So, how are the fish measurements and weights taken by CRFS samplers used? Fishery managers use the total weight of fish harvested or kept during the fishing season to guide season structures or to make adjustments to the regulations. To convert numbers of fish into a metric tonnage, the catch estimate is multiplied by the average weight for that fish species. Average weight is calculated from the fish CRFS samplers have measured or weighed in the field. Sampled fish with only length measurements are converted to weight using regression analysis (e.g., the strong relationship between fish length and weight). It is necessary to continuously obtain weight and length data on all fish species to ensure a true representation, which takes into account regional differences and changes in catch size over time. If CRFS samplers did not collect fish measurements year round, in every mode and location the conversions would be biased toward the areas or time periods that samples were taken. For example average weights are calculated regionally, ensuring those smaller Vermilions typically caught in Southern California are not applied to the catch in Northern California where they tend to be larger.
Now that you know how the catch estimates are made the last question is: how are they used? The CRFS catch estimates are used in a variety of ways by CDFW as well as other organizations to help manage California’s diverse marine fish populations. CDFW biologists as well as other fisheries scientists often use CRFS catch estimates when conducting research on individual fish species. CRFS catch trends, catch location data, and length and weight data are often valuable information when fisheries scientists are preparing stock assessments on a particular fish species. These stock assessments can be used to evaluate how fish populations may be affected by potential management actions and to forecast future conditions of the population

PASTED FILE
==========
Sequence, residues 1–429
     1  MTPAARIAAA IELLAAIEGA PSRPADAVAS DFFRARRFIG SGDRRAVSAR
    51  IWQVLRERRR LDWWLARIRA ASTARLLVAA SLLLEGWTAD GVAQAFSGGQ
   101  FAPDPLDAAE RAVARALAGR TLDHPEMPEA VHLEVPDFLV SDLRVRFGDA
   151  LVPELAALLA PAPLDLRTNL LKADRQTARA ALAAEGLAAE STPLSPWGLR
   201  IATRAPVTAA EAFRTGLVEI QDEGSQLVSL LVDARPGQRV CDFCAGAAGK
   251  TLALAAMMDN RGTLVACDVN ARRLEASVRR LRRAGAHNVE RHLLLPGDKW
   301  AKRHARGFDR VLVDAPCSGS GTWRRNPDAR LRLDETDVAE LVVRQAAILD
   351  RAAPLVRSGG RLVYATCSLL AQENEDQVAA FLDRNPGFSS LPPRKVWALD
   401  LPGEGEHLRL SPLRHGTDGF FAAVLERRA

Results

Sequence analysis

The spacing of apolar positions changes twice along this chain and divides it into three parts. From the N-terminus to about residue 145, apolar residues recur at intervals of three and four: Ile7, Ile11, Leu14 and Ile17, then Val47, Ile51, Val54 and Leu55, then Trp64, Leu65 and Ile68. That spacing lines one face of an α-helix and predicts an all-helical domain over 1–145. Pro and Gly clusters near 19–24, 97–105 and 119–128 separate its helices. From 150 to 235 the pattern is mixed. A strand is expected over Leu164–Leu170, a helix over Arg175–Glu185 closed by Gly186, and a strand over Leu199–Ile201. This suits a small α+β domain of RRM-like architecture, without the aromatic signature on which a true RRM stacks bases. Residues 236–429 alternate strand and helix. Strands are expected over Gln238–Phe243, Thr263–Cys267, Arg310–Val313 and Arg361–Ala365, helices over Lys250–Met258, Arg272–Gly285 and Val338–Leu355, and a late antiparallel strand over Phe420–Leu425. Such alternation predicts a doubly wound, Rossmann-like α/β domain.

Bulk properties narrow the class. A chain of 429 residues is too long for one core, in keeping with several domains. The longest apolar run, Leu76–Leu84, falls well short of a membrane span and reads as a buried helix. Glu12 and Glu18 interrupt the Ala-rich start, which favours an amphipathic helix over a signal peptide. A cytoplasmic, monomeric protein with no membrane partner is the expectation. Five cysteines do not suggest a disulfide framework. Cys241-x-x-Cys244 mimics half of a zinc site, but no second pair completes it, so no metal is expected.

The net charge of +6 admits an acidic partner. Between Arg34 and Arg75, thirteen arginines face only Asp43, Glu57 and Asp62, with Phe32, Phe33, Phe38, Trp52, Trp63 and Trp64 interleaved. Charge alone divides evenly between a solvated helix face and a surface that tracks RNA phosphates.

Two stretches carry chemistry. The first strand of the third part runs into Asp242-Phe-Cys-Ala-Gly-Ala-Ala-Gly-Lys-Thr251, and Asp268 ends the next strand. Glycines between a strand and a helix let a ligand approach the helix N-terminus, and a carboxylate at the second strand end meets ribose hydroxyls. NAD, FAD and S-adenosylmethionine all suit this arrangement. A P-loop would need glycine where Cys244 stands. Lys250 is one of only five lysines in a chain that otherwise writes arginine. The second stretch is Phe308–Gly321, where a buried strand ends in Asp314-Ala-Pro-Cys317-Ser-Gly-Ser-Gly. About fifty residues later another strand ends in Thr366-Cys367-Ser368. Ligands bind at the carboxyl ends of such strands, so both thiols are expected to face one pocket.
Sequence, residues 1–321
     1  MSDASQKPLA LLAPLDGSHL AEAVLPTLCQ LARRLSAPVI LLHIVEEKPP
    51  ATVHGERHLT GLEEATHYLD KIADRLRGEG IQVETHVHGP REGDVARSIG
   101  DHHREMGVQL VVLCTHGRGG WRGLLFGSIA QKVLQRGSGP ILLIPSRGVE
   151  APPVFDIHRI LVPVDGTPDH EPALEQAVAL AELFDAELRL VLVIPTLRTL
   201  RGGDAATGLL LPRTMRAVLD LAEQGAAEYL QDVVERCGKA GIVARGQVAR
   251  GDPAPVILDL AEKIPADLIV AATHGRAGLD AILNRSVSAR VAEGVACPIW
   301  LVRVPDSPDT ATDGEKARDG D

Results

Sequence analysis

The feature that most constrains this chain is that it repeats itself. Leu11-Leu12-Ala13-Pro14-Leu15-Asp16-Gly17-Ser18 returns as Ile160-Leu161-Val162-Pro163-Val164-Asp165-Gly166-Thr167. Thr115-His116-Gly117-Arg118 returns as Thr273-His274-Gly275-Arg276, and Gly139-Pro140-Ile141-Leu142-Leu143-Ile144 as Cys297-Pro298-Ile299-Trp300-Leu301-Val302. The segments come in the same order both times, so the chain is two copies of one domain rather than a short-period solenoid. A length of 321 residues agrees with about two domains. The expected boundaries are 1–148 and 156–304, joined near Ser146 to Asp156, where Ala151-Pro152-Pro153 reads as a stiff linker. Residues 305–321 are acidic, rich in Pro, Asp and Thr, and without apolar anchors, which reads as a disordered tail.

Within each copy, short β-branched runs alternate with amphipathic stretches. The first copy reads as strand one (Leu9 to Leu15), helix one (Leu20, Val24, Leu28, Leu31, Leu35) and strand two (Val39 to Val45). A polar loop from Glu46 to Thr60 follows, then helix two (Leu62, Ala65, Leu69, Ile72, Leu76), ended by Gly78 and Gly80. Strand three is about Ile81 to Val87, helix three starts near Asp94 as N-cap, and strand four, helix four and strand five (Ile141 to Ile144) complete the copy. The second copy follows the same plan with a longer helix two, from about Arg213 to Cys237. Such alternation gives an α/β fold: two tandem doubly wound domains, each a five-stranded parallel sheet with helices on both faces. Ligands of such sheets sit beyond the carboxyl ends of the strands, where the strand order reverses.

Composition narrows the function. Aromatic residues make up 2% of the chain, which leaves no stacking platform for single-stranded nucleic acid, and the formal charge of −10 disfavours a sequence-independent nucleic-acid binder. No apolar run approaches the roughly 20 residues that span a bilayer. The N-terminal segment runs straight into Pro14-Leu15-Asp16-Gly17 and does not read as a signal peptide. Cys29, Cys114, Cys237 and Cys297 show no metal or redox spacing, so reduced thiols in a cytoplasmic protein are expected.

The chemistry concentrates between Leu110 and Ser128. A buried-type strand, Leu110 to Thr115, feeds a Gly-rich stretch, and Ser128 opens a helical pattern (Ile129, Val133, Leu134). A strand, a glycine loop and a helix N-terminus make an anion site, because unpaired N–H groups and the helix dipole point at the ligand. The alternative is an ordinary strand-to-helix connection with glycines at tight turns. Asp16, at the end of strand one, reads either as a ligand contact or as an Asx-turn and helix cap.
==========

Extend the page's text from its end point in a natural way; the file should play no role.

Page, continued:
(www.nmfs.noaa.gov). Another way CDFW uses these catch estimates is in the development of new fishing regulations or to change existing ones. Trends in catch estimates over time often alert fishery managers to when fishing regulations may need to be changed in order to maintain a sustainable fishery or when new fishing opportunities can be opened. There are various tools that fishery managers may use to help manage the many different fish species. Some of these include daily bag limits, size restrictions, season closures, and depth restrictions. These tools can ensure that the number of fish being harvested is sustainable for future generations to come.
So as you can see the information gathered from anglers on the launch ramps, on the piers, aboard the party boats, and along the shore by the CRFS samplers is an important part in the management of California’s marine resources. The accuracy of the CRFS catch estimates depends heavily on the cooperation of anglers. So, if approached by a sampler after your next fishing trip or if you are contacted randomly on the telephone, do your part by saying “Yes” and provide answers to the best of your knowledge and allow the CRFS samplers to examine, weigh, and measure your catch in the field. The future fish populations of California will thank you!